'Piggyback' sponsors cash in on Olympics thanks to social media and creative campaigns


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The Winter Olympics in Sochi, Russia, feature some of the most dominant, polished competitors fighting for a grand prize on a global scale.

The games also feature some of the world's best athletes competing for gold medals.

For all the dollars and hours invested in training elite athletes to represent their countries, countless more dollars are funneled into marketing campaigns to capitalize on the popularity of the historic event. Some corporations -- the Coca-Colas and Visas of the world -- spend almost $1 billion to buy sponsorships and develop campaigns over a four-year period.

But for every official sponsor, dozens more are trying to cash in without paying the premium required to be affiliated with the Olympic brand. These "piggyback" sponsors are finding a lot of success, thanks to social media and creative campaigns that use coded language to evoke the games without running afoul of trademark issues.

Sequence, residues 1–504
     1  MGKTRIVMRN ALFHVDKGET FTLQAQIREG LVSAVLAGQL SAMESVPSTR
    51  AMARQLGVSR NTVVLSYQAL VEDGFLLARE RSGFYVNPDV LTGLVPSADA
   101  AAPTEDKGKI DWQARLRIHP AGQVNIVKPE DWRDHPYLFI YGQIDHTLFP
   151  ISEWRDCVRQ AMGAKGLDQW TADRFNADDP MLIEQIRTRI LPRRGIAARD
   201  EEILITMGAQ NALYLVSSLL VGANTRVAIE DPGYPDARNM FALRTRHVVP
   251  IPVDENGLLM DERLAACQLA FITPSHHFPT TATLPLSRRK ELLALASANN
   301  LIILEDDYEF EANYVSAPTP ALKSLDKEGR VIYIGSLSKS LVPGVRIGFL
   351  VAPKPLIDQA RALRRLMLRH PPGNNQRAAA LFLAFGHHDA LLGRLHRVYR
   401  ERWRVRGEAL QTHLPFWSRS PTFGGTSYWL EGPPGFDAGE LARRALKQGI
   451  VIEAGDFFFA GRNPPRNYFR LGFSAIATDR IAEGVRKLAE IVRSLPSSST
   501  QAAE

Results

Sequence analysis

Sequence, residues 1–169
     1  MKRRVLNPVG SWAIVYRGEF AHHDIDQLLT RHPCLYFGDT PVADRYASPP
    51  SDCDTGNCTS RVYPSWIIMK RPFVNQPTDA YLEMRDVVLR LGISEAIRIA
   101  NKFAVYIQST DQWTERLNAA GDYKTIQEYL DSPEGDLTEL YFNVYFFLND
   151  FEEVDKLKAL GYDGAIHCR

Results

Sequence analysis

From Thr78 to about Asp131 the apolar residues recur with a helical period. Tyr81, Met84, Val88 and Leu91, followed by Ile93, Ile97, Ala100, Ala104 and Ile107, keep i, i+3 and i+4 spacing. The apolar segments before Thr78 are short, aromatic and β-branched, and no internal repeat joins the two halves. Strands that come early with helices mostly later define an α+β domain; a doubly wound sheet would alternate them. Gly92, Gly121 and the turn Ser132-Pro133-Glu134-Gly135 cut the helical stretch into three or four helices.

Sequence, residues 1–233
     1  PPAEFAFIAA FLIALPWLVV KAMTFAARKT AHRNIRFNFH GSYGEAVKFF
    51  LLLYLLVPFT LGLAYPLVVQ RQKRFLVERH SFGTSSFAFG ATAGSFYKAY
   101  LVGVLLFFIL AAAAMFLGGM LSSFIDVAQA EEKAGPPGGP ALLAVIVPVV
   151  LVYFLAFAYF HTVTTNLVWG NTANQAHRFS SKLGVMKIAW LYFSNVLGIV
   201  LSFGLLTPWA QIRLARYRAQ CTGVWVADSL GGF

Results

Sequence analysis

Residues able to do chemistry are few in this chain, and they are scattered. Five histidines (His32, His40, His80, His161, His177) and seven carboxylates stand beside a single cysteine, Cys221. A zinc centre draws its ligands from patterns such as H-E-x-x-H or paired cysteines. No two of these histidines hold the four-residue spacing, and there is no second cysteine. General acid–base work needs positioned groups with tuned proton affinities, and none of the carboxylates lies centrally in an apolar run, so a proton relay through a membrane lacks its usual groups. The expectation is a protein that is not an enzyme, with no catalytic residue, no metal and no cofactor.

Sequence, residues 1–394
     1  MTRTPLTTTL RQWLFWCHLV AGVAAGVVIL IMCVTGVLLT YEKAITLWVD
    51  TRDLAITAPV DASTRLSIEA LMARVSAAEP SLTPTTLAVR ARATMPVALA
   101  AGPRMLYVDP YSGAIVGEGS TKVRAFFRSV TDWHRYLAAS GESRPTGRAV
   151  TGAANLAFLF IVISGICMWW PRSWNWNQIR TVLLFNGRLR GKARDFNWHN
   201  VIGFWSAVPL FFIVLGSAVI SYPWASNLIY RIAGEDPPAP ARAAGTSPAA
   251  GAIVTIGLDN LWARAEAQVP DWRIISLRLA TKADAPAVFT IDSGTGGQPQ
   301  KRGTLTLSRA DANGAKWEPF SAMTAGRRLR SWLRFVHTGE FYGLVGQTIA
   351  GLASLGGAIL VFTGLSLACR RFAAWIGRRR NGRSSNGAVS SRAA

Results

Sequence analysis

Of the 10 brands that consumers most associate with the Sochi Olympics, six are not official sponsors, according to a study published last week by Global Language Monitor, a media tracking company based in Austin, Texas.

Companies such as Phillips, Siemens AG and Red Bull fare better than official sponsors McDonald's, GE and Visa, according to the study. Rolex scores better than fellow watchmaker, and official sponsor, Omega.

It's not just the Olympics. The Super Bowl earlier this month also featured ads from unaffiliated sponsors who wanted to cash in on the "Big Game" without paying the National Football League for the right to say "Super Bowl."

"It's going to work in those big events because people are already paying attention to the topic," said Andrew Stephen, a professor of marketing and business administration at the University of Pittsburgh's Katz Graduate School of Business. "If you can align your brand with that topic without saying too much, that's going to work really well."

Take, for instance, Findlay retailer Dick's Sporting Goods.